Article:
At The Ringside, Daily Racing Form, 1959-05-04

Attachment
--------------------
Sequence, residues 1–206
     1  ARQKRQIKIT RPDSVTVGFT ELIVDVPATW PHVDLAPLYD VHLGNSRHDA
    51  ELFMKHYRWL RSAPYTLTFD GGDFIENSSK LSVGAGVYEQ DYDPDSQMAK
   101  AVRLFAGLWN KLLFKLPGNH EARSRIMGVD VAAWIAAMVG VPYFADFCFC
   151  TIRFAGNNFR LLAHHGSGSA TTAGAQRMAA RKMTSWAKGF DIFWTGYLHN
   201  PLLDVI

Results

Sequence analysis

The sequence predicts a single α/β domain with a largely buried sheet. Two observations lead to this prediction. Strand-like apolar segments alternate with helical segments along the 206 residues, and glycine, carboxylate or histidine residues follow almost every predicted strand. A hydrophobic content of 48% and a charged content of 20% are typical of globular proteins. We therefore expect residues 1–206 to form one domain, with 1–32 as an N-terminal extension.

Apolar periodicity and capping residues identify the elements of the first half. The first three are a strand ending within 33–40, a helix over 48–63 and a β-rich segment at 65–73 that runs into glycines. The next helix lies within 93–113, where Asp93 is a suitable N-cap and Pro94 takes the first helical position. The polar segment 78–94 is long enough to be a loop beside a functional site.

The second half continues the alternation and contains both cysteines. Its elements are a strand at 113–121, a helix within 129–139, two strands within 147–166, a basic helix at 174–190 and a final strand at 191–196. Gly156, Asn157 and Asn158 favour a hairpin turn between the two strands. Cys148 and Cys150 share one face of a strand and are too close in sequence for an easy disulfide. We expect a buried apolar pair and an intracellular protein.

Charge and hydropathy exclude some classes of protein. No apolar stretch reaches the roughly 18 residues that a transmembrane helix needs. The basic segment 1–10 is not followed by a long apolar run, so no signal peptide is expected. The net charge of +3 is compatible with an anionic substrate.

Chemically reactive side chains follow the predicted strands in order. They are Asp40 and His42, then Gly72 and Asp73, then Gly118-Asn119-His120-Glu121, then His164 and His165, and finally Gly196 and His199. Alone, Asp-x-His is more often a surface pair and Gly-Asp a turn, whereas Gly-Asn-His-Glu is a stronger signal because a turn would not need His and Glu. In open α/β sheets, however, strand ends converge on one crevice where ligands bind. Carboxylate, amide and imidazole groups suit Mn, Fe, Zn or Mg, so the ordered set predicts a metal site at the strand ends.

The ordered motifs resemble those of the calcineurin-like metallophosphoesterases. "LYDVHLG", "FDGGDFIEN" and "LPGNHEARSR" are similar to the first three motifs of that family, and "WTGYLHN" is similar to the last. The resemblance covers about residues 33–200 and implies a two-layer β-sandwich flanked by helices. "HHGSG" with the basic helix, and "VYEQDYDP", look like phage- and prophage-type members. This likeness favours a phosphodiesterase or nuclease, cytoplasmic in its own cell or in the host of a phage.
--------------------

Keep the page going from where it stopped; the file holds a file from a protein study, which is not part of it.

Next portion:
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AT THE RINGSIDE By Barney Nagler INDIANAPOLIS, May 2.— Oh, they did it up grand at the Fairgrounds Coliseum last night. The organist struggled with Sir Edward Elgars "pomp and circumstance as the British lion, Brian London, came into the ring to fight Floyd Patters on for the world hea v y w ei g h t c h a m p i onship. And then, a moment later the titleholder sneaked into the ring to "East Side, West Side." A musicologist in the working press said, "Them lyrics, dont they say London Bridge Is Falling Down?" They do, indeed, and not long afterward, Brian London was falling down dead tired from being hit in the gut for almost 31 minutes. He went out at 51 seconds of the 11th round of a thing scheduled for 15. Patterson put him there by hitting him with plural left-right combinations to the jaw, followed by two head punches, one smack in the middle of the blokes forehead. He went down quietly, without rebuttal, and lay on his back as referee Frank Sikora earned fare for the trip from Chicago by counting 10, correctly. Presently, they bundled 208-pound Brian into a blue and red robe and helped him down the stairs. As he came by the working press, he saw Ingemar Johansson, the amiable Swede, who fights Patterson next, at Yankee Stadium, June 25, providing a federal court doesnt hit him between the eyes with a breach of contract writ in suit by Eddie Machen. Said London to Johansson: "I wish you have more luck than I did." AAA Luck would not have helped the blighter from Blackpool. He came utterly without equipment. His record showed 26 fights in England before his advent here. It included 19 knockouts. He must have scored it with darts. He could no more beat Patterson with his fists than Johanssons kid sister could. Indeed, he even punches like Johanssons kid sister. Or, to put it in another field, like a pussycat pawing at a hanging drape. Only twice during the night, in the third round and in the seventh, did London throw formful punches. In the third, he hit the champion with a straight right. Floyd blinked. In the seventh, he hammered Pattersons chin with an uppercut. Thats all. While the lard-carrier was swatting air, Patterson was delivering himself of a most punishing body assault. British-trained to the core, London fought with gloves protecting his huge chin. Patterson hit him in the wide open spaces. Now, his mid-section was something to behold. Acres and acres of white blubber coming in; rate pounded cutlet going out. Patterson smashed his gloves into the midriff. London just grabbed. He was not moved to persuasive argument. He just licked his chops and took a beating. He was cut under the right eye in the seventh, and under the left in the tenth. He was so inept, referee Sikora did not give London a single round. Too bad. Sikora might have given him a few extra points for British pluck. A A A For Patterson it was a workout, a tuneup. In this regard, nobody can protest. From the outset, the champions control officer, Cus DAmato, had called it "just a tuneup." He gulled nobody. The customers in the place — some 10,000 of them — should have know this. Instead, they came to see a fight and saw a champion of the world get in some licks in preparation for a more important contest coming up. Patterson simply is not going to be a killer-type. He is ensnared by his personality and immured by his style. He is not moved by anger. Killer-punchers are. And he punches too swiftly to harness power. He still leaps in with his jabs. The swiftness of his attack is startling and not totally effective. In the first round — and only in the opening round — Patterson came out fiercely intent on knocking London out quickly. He smashed away for a minute or so and when nothing happened, he appeared to be willing to turn this one into an old gym workout against a fat fellow who is jolly well nice to have around because he is not too ambitious and takes a punch like a big bag. Thereafter, Patterson just worked on the range: target practice. The fat boy would not go down. Once, charming rascal that he is, he took a punch to the teeth and instead of hitting back, said to the champion, "Blimey, that was a good one." Later, Continued on Page Fifty-Five I AT THE RINGSIDE By BARNEY NAGLER Continued from Page Two in his dressing room, London was asked how Patterson had answered. "Oh, the bloke just said haw, haw, and hit me with a beauty," the victim said with a smile. He added, "hes a great champion." Is he? Patterson has defended the title four times since winning it by knocking out Archie Moore in 1956. He was superb in that two-punch, five- in the 10th. He was knocked down by Pete Rademacher, who avowed his amateurism as though this anointed him for beatification. And even j Roy Harris knocked him down. London cannot make the same claim. He didnt even bruise Patterson, but thats not | the point. A heavyweight champion is supposed to be a belter. A real good champion, that is: Louis, Marciano. This one will have to be accepted as he is : a young man with fast hands, the ability to get a job done somehow. He is not a surgeon. He is , encumbered by small skills. It may be that Johansson will take the | title from him. The Swede is a solid right- I hand hitter. He appears superbly condi- 1 tioned and extremely confident. Dont they all before they get clouted? The event last night was Indianas first title bout. The crowd of 10.000 paid a gross of 22,000, a net of 03,111.56, lowest gate for a Patterson defense. The Gillette Safety Razor Co., through NBC, paid 00,000 for the TV rights. DAmato guaranteed London 70,000. It was a good deal until Cecil Rhodes Jr., the vanishing promoter walked out of the picture with 5,000 of the TV fee. DAmato also guaranteed London 0,000. plus 5,-000 in training expenses. Additionally, he is to pay Harry Levene, a British promoter. 0,000 for producing the body, i.e., London. His costs come to 10,000. His income is made up of 00.000— the TV fee — plus a guaranteed 5,000 from the net gate. He stands to lose some 5,-000. Such deficit financing has not been heard of since World War II. But then DAmato can afford to lose the small battles. Hes waiting to win the big war. Patterson-Johansson may well be a million-dollar event, not even Cus will find ways of dissipating his swag from that one unsigned.